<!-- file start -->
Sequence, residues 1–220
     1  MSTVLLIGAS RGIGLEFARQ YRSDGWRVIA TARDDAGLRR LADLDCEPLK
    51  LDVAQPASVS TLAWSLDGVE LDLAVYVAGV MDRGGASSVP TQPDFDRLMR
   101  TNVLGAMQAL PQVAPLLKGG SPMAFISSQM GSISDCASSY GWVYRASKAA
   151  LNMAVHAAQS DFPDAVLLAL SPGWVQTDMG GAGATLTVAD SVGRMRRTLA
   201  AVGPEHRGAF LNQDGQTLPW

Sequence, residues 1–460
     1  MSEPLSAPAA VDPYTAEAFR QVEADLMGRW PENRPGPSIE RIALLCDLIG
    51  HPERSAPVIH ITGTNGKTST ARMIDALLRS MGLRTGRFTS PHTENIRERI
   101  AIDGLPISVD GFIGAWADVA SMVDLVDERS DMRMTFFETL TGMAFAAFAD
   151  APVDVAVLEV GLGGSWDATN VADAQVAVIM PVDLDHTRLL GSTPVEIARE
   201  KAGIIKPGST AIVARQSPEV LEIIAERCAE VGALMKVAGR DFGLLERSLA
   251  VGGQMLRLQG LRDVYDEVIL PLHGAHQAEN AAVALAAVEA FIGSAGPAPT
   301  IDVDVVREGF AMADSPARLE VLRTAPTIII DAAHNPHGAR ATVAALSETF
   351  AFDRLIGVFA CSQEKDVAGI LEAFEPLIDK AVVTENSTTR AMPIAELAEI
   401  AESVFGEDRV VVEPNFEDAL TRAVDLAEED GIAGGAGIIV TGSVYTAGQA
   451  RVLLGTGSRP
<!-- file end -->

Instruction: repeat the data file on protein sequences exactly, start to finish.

Sequence, residues 1–220
     1  MSTVLLIGAS RGIGLEFARQ YRSDGWRVIA TARDDAGLRR LADLDCEPLK
    51  LDVAQPASVS TLAWSLDGVE LDLAVYVAGV MDRGGASSVP TQPDFDRLMR
   101  TNVLGAMQAL PQVAPLLKGG SPMAFISSQM GSISDCASSY GWVYRASKAA
   151  LNMAVHAAQS DFPDAVLLAL SPGWVQTDMG GAGATLTVAD SVGRMRRTLA
   201  AVGPEHRGAF LNQDGQTLPW

Sequence, residues 1–460
     1  MSEPLSAPAA VDPYTAEAFR QVEADLMGRW PENRPGPSIE RIALLCDLIG
    51  HPERSAPVIH ITGTNGKTST ARMIDALLRS MGLRTGRFTS PHTENIRERI
   101  AIDGLPISVD GFIGAWADVA SMVDLVDERS DMRMTFFETL TGMAFAAFAD
   151  APVDVAVLEV GLGGSWDATN VADAQVAVIM PVDLDHTRLL GSTPVEIARE
   201  KAGIIKPGST AIVARQSPEV LEIIAERCAE VGALMKVAGR DFGLLERSLA
   251  VGGQMLRLQG LRDVYDEVIL PLHGAHQAEN AAVALAAVEA FIGSAGPAPT
   301  IDVDVVREGF AMADSPARLE VLRTAPTIII DAAHNPHGAR ATVAALSETF
   351  AFDRLIGVFA CSQEKDVAGI LEAFEPLIDK AVVTENSTTR AMPIAELAEI
   401  AESVFGEDRV VVEPNFEDAL TRAVDLAEED GIAGGAGIIV TGSVYTAGQA
   451  RVLLGTGSRP